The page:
Revisiting the Moral Argument

Editor’s note: This post originally appeared on Think Apologetics. Tabernacle of David considers this resource trustworthy and Biblically sound.


There have always been moral disagreements. In our present culture, the abortion debate has heated up. The debate over whether public schools should be educating young children on sexuality and gender is another contentious topic. There re plenty of other hot button issues. Our own experience shows that we agree that it is objectively, morally wrong what the Nazis did to the Jewish people, or what happened to George Floyd in 2020. This is not based on our subjective opinion. Did an impersonal and nonmoral process lead to humans to create their own morality? Does biology, society, and people’s personal preferences determine what is morally right and wrong? Moral values refer to the worth of a person or action, whether it is good or bad. Values have to do with whether something is good or bad. Moral duties are moral obligations, what you ought or ought not to do. Moral duty refers to our obligation to act in a certain way, whether that action is right or wrong. We see the following:

1. Objective values and duties are valid and binding, independent of human opinion.

2. If a personal God does not exist, objective moral values and duties do not exist.

3. Objective moral values and duties do exist.

4. Therefore, a personal God exists.

Also, 1) We would not know there was injustice unless there were an objective standard of justice. 2) True progress is not possible unless we know an objective standard by which we measure that things are getting better or worse. We can’t know better unless we know what is best. 3) Real moral disagreements are not possible without an objective moral standard. But there are plenty of real, moral disagreements – for example, those about injustice, intolerance, and cruelty. 4) The same basic moral codes are found in most cultures. 5) Guilt from breaking a moral law would not be universal if there were no objective moral law. 6) Even those who deny moral absolutes have moral principles they believe are universal, such as tolerance, freedom of expression, and the wrongness of bigotry and genocide.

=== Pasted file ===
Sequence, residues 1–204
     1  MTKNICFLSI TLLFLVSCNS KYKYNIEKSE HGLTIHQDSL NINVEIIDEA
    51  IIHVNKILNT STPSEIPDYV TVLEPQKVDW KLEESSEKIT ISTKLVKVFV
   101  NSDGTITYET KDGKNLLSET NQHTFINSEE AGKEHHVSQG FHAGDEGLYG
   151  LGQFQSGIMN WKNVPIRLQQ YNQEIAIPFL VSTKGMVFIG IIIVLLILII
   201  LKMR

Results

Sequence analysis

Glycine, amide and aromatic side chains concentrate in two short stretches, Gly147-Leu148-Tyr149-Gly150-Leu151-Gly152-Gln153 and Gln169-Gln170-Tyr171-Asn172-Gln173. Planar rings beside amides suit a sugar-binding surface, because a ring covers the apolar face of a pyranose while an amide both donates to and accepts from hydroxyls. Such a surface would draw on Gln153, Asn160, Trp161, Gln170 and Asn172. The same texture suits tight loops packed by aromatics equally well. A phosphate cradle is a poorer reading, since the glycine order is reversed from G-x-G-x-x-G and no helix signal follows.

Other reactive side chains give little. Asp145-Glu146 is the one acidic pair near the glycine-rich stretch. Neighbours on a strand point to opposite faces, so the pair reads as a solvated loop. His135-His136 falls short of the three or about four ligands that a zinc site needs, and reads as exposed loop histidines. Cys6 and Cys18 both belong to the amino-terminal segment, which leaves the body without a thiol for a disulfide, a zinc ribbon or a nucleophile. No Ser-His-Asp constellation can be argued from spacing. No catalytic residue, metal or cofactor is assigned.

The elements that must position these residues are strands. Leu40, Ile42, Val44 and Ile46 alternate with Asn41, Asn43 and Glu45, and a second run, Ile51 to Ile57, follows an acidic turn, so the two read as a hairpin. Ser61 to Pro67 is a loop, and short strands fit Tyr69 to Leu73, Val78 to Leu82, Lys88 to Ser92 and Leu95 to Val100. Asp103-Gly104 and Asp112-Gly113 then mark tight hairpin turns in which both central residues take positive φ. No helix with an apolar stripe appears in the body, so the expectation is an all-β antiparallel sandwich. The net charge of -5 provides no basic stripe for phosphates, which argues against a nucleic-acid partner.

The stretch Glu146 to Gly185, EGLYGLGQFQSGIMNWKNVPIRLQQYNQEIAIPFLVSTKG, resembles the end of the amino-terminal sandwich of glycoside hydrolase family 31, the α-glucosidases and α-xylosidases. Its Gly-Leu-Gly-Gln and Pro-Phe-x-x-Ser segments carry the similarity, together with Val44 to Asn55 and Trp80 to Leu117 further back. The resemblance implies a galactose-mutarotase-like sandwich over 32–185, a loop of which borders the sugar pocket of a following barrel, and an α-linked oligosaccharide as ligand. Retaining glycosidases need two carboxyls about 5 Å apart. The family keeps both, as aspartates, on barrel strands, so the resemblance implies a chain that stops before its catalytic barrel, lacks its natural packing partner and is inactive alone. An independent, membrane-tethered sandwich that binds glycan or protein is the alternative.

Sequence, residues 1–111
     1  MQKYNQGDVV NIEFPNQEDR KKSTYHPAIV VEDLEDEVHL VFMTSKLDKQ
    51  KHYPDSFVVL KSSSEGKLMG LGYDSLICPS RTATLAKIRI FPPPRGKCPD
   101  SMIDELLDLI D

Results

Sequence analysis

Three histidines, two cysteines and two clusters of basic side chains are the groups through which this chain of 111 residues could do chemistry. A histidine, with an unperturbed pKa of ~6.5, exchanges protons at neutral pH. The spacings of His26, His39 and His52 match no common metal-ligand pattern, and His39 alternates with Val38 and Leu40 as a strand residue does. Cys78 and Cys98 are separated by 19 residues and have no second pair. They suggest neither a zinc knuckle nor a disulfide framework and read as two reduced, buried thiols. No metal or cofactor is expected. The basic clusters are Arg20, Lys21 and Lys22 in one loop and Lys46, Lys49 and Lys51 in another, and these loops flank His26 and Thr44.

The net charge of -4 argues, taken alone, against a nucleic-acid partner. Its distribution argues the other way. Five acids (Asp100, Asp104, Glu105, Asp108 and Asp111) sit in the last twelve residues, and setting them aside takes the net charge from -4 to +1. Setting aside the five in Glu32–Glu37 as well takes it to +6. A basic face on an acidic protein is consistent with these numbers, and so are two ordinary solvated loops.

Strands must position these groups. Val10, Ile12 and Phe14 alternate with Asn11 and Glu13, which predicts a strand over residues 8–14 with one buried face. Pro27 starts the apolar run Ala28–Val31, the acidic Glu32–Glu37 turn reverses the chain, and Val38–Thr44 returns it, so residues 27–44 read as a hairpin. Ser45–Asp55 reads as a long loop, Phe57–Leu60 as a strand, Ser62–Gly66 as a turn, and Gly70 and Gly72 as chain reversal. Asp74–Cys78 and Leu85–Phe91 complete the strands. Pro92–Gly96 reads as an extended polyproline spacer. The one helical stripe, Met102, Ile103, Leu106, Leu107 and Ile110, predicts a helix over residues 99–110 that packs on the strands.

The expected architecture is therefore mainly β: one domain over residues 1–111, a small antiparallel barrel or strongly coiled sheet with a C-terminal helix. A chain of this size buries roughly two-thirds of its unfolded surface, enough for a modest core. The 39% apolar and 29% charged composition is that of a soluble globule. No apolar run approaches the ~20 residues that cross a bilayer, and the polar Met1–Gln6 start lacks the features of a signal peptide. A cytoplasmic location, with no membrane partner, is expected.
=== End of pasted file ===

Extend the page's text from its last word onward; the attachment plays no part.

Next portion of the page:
Our moral values and moral obligations are also directly related to our view of people. If God does not exist, it makes it more challenging to hold to a high moral view of human beings. If humans do not bear the divine image, their worth can only be determined on the basis of their differing abilities and empirical qualities. Humans could not have “unalienable rights,” as the Declaration of Independence states, if they have no objective value simply by being human. We see the following:

1. People spend their entire lives fighting for what they consider to be inequality, justice, and human rights. Thus, they really believe humans have great value.

2. If God does not exist, all reality is reducible to matter and chance. Human worth emerges from valueless matter. Humans can assign people value by choice. It is purely subjective.

3. Humans do have a right to human dignity, i.e., the right to receive respect irrespective of age, gender, ethnicity, rank, or any other way.

4. Therefore, God exists.

Given the times we live in, I think this is a good opportunity to revisit the moral argument. Also, see my post on the Moral Apologetics website called ” How the Moral Outrage Over Will Smith Slapping Chris Rock Points to the Moral Argument for God’s Existence”

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